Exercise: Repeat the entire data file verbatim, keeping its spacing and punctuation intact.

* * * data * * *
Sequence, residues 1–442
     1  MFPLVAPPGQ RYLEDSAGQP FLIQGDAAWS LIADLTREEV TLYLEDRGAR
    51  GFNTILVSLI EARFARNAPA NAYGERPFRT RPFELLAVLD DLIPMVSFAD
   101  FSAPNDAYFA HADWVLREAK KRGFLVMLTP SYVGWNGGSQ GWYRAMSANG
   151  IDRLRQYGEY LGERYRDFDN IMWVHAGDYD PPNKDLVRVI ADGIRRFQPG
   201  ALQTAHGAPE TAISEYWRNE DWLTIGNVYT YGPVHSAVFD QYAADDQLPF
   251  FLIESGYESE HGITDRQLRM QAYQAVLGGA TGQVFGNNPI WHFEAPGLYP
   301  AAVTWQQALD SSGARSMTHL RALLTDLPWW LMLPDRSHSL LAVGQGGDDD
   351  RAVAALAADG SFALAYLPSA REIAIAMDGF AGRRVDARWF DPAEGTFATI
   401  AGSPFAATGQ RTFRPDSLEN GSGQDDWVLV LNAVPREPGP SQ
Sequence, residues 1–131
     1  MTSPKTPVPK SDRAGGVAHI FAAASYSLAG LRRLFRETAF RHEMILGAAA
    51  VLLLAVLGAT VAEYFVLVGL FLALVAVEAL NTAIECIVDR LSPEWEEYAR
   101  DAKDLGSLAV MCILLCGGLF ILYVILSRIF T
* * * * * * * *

Sequence, residues 1–442
     1  MFPLVAPPGQ RYLEDSAGQP FLIQGDAAWS LIADLTREEV TLYLEDRGAR
    51  GFNTILVSLI EARFARNAPA NAYGERPFRT RPFELLAVLD DLIPMVSFAD
   101  FSAPNDAYFA HADWVLREAK KRGFLVMLTP SYVGWNGGSQ GWYRAMSANG
   151  IDRLRQYGEY LGERYRDFDN IMWVHAGDYD PPNKDLVRVI ADGIRRFQPG
   201  ALQTAHGAPE TAISEYWRNE DWLTIGNVYT YGPVHSAVFD QYAADDQLPF
   251  FLIESGYESE HGITDRQLRM QAYQAVLGGA TGQVFGNNPI WHFEAPGLYP
   301  AAVTWQQALD SSGARSMTHL RALLTDLPWW LMLPDRSHSL LAVGQGGDDD
   351  RAVAALAADG SFALAYLPSA REIAIAMDGF AGRRVDARWF DPAEGTFATI
   401  AGSPFAATGQ RTFRPDSLEN GSGQDDWVLV LNAVPREPGP SQ
Sequence, residues 1–131
     1  MTSPKTPVPK SDRAGGVAHI FAAASYSLAG LRRLFRETAF RHEMILGAAA
    51  VLLLAVLGAT VAEYFVLVGL FLALVAVEAL NTAIECIVDR LSPEWEEYAR
   101  DAKDLGSLAV MCILLCGGLF ILYVILSRIF T